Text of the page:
Plans For Elected Police And Crime Commissioners 'A Shambles', Claims Labour

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Forty-one PCCs will replace Police Authorities
Forty-one PCCs will replace Police Authorities

The Government has made "a shambles" of its flagship criminal justice plans for elected police and crime commissioners (PCCs), Labour said today.

Shadow home secretary Yvette Cooper accused David Cameron of failing to promote the idea in the run-up to the first elections for the new roles on November 15.

She said: "Loads of people across the country still don't know about the elections, what they're for, so I am really worried about what turnout is going to be as a result of this."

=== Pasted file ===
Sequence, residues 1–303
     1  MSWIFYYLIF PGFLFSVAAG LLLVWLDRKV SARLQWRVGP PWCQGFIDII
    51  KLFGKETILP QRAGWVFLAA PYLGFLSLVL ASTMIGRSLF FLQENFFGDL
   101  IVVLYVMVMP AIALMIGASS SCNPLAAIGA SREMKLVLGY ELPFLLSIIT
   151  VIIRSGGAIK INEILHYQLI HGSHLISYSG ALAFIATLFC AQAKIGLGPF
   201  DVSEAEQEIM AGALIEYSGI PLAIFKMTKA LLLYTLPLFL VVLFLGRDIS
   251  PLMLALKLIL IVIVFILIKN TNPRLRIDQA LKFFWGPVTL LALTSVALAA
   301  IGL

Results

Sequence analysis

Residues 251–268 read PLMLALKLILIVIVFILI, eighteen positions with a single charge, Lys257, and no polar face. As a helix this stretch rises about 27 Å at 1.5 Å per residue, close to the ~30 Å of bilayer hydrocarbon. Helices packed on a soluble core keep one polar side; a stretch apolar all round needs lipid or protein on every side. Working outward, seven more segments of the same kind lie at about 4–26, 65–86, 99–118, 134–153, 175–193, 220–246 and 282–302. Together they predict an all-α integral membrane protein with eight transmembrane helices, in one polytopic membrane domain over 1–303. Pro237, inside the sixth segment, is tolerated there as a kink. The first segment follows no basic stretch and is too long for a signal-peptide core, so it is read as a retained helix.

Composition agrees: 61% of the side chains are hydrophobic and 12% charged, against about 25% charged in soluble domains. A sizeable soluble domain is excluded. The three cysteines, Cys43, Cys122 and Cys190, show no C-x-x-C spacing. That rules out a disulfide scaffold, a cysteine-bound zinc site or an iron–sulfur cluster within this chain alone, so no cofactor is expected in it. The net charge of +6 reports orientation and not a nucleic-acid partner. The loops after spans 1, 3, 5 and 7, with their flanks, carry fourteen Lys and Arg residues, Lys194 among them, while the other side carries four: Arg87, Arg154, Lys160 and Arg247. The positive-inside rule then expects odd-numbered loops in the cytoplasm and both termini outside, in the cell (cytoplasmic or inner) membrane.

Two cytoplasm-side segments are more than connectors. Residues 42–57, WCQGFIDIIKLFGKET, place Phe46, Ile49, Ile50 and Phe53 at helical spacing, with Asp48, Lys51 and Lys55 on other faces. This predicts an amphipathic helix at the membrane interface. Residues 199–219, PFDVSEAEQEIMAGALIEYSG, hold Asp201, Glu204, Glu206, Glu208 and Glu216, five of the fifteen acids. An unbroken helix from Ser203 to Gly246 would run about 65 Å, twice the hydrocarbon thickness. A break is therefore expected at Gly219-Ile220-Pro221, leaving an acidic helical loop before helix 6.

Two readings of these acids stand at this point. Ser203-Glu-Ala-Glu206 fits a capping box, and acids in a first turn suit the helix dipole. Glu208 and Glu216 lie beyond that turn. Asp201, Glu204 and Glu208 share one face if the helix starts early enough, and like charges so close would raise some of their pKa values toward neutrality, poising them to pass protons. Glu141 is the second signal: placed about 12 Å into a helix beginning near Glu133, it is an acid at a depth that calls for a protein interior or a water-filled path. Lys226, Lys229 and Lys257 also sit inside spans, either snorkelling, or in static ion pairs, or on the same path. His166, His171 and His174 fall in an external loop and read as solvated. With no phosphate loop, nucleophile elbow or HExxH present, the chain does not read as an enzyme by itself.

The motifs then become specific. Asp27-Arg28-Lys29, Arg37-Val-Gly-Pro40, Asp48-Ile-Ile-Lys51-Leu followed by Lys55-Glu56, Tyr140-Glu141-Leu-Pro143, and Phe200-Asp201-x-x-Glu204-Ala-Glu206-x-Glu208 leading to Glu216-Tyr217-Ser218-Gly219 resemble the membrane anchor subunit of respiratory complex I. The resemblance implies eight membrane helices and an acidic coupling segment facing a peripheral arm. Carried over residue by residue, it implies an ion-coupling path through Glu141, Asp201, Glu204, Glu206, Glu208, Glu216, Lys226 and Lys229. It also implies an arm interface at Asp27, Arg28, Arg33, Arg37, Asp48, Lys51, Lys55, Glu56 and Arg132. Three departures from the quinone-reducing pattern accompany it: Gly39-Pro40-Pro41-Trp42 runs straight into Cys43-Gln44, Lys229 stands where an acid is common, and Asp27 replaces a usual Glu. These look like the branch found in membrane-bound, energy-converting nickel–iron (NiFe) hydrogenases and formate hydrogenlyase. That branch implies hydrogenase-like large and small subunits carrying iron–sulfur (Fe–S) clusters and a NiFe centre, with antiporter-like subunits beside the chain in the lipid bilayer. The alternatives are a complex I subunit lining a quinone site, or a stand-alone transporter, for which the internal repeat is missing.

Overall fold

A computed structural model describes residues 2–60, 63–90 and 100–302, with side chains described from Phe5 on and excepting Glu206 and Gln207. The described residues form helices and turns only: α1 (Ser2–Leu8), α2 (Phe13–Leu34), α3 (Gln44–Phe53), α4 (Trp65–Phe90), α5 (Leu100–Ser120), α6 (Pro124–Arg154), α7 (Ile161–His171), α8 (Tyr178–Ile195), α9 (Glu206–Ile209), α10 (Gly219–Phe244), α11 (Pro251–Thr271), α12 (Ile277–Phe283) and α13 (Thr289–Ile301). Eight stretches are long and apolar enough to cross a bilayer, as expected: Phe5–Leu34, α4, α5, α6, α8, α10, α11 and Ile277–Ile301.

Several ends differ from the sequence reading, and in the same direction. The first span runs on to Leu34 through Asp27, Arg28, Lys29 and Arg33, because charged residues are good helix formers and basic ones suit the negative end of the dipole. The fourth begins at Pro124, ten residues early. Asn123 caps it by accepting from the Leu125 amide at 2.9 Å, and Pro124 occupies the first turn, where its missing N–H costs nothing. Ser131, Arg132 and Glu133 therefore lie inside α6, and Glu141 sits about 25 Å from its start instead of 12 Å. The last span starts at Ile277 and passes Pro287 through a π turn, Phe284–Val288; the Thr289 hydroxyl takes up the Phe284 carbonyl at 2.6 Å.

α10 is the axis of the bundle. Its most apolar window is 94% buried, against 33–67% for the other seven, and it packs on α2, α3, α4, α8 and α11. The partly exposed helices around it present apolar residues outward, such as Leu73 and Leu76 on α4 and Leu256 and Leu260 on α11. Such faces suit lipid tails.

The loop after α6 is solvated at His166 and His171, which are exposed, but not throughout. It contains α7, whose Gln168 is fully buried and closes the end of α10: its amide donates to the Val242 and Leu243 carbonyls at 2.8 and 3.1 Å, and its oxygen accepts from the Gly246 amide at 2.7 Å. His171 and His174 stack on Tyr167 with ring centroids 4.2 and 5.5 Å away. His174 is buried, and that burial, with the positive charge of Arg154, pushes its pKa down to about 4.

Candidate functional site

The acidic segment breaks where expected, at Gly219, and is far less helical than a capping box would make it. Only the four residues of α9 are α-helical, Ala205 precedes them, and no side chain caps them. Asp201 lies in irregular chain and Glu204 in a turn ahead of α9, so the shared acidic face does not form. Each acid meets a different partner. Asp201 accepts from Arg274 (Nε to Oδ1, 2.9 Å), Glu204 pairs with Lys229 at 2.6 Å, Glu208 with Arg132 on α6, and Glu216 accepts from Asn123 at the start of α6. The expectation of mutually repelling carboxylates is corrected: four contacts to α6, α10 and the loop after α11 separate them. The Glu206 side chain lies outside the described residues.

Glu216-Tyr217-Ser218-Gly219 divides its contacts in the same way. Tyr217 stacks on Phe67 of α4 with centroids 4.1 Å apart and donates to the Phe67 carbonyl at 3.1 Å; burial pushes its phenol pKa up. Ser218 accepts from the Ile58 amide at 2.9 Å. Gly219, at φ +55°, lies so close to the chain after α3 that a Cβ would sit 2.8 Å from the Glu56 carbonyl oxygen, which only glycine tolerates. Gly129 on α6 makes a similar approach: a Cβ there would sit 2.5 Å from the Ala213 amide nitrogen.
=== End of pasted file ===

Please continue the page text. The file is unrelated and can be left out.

Forty-one PCCs will replace Police Authorities, with the power to set budgets and policing priorities and hire and fire chief constables, in the biggest shake-up of policing for 50 years.

Supporters say they will boost accountability across forces in England and Wales, but critics believe they could politicise policing.

The Prime Minister admitted in the Commons last week that it would be "a challenge" to encourage electors to cast votes, amid claims turnout could dip below 20% - sparking fears for PCCs' democratic mandate.

Labour opposed the scheme but is fielding candidates, the highest-profile being former Deputy Prime Minister Lord Prescott in Humberside.

Ms Cooper criticised the poll's timing, claiming bad weather would deter voters.

"We are doing our best to make it work, but the Government needs to be doing much more," she told BBC 1's Andrew Marr Show.

"They have made a shambles of this, for something that was supposed to be their flagship policy."